Imprisoned Iranian activist Narges Mohammadi won the 2023 Nobel Peace Prize for her fight against the “oppression of women” in her country and for promoting “human rights and freedom for all.”
In making the announcement on October 6, the Norwegian Nobel Committee said the prize also recognizes “the hundreds of thousands of people who, in the preceding year, have demonstrated against Iran’s theocratic regime’s policies of discrimination and oppression targeting women.”
“The motto adopted by the demonstrators – 'Woman – Life – Freedom' – suitably expresses the dedication and work of Narges Mohammadi,” the committee said.
In a statement to The New York Times, Mohammadi said the “global support and recognition of my human rights advocacy makes me more resolved, more responsible, more passionate and more hopeful.”
“I also hope this recognition makes Iranians protesting for change stronger and more organized,” the 51-year-old added. “Victory is near.”
From behind bars, Mohammadi contributed an opinion piece for the US newspaper in which she wrote: “What the government may not understand is that the more of us they lock up, the stronger we become.”
Berit Reiss-Andersen, the chair of the Norwegian Nobel Committee who announced the prize in Oslo, said that the prize "is first and foremost a recognition of the very important work of a whole movement in Iran with its undisputed leader, Nargis Mohammadi.”
Reiss-Andersen said the committee hopes the prize “is an encouragement to continue the work in whichever form this movement finds to be fitting.” She also urged Iran to release Mohammadi in time for the prize ceremony on December 10.
As the award was widely applauded by the international community, with French President Emmanuel Macron saying that Mohammadi's "fight against the oppression of women in Iran and for human rights is essential and universal," Iran's semi-official Fars news agency dismissed the activist as someone who “persisted in creating tension and unrest and falsely claimed that she was beaten in prison.”
Mohammadi, an engineer by training, has been imprisoned multiple times over the past decade for her civil rights activities. She was most recently arrested in 2022 and sentenced to 10 years 9 months in prison on fabricated charges.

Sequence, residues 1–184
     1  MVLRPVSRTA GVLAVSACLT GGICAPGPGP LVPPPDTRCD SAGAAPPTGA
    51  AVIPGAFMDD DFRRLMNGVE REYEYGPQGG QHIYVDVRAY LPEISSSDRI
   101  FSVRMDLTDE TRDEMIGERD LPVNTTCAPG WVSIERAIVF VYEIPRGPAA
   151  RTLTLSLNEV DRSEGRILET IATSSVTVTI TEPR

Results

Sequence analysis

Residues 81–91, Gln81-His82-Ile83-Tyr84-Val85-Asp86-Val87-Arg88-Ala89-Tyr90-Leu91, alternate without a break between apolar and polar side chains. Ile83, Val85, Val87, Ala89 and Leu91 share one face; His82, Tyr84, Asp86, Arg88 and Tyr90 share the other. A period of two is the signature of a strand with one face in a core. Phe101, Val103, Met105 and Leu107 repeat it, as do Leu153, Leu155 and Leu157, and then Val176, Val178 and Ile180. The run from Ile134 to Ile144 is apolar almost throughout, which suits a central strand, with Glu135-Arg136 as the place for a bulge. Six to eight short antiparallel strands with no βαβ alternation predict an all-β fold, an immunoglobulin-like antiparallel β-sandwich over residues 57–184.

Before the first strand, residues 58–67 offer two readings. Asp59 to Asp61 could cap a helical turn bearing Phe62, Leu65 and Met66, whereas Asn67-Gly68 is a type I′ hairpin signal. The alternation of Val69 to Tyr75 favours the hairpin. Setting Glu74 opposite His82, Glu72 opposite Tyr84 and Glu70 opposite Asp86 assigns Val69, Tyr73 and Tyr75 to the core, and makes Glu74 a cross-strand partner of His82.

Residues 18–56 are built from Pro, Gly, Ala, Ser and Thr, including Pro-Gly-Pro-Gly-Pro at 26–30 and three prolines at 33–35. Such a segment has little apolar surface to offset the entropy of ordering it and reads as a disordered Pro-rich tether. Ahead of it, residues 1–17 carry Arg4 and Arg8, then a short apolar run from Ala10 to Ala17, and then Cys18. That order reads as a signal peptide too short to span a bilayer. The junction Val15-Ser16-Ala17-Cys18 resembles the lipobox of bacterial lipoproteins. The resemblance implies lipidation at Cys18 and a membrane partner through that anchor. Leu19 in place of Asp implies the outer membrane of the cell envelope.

Currently incarcerated in Tehran's Evin prison, the freedom fighter has published in the past months numerous letters protesting prison conditions and violence against inmates.
The outspoken activist has received many awards and accolades, including the UNESCO/Guillermo Cano World Press Freedom Prize and the Andrei Sakharov Prize of the American Physical Society.
She is the deputy head of the Defenders of Human Rights Center, a non-governmental organization led by Shirin Ebadi, the 2003 Nobel Peace Prize laureate.
The monthslong anti-establishment protests in Iran were sparked by the death of 22-year-old Mahsa Amini while in police custody for an alleged head-scarf violation. The authorities responded to the women-led protest movement with a brutal crackdown that has claimed the lives of more than 500 people. Thousands of others have been unlawfully arrested and prosecuted.
Mahmood Amiry-Moghaddam, director of the Norway-based Iran Human Rights organization, expressed hope that Mohammadi’s Nobel prize award “will draw the international community’s attention to the Iranian people’s struggle for their fundamental human rights.”
#Iran Human Rights welcomes the #NobelPeacePrize being awarded to HRD #NargesMohammadi and hopes it will draw the international community’s attention to the Iranian people’s struggle for their fundamental human rights. Statement by Director @iranhr:#WomanLifeFreedom… pic.twitter.com/QCwAfr1eu0— Iran Human Rights (IHR NGO) (@IHRights) October 6, 2023
Reporters Without Borders reiterated its call on the authorities in Iran to release the activist, who the Paris-based media freedom watchdog said “continues to report and denounce abuses against women while in detention.”
⚡️#Iran: Nobel Peace Prize awarded to Narges Mohammadi. RSF welcomes the news and calls on the 🇮🇷 authorities to release the journalist. Winner of the RSF Courage Prize 2022, she continues to report and denounce abuses against women while in detention. pic.twitter.com/XDDfFJDZJW— RSF (@RSF_inter) October 6, 2023
In Germany, parliament member Ye-One Rhie said the 2023 Nobel Peace Prize “goes out to you and your bravery - and to everybody fighting for women's rights all over the world. Especially in Iran. Please keep fighting. We see you.”
Congratulations, #NargesMohammadi. This prize goes out to you and your bravery - and to everybody fighting for women's rights all over the world. Especially in Iran. Please keep fighting. We see you. #WomensRightsAreHumanRights #NoPeaceWithoutWomen #JinJiyanAzadi #ZanZendegiAzadi https://t.co/D0hEkpBFWn— Ye-One Rhie (@YeOne_Rhie) October 6, 2023
According to Paris Mayor Anne Hidalgo, "In Paris and throughout the world, we will never stop proclaiming: Woman, Life, Freedom."
Many Iranian artists and activists also welcomed Mohammadi’s Nobel Peace Prize.
Taraneh Alidoosti, an actress who opposes compulsory hijab and a supporter of the Women, Life, Freedom movement, wrote on Instagram in English that Mohammadi is a “Freedom fighter and Women’s rights heroine.”
“For us, she sacrificed everything,” she added.
“Freedom will come," Alidoosti also wrote in Persian
Mohammadi’s family released a statement on her Instagram account, thanking “all Iranians, especially the courageous women and girls of Iran who have captivated the world with their bravery in fighting for freedom and equality.”
“This prestigious recognition serves as an enduring testament to…Narges Mohammadi’s tireless civic and peaceful work in bringing change and freedom to Iran,” the statement reads.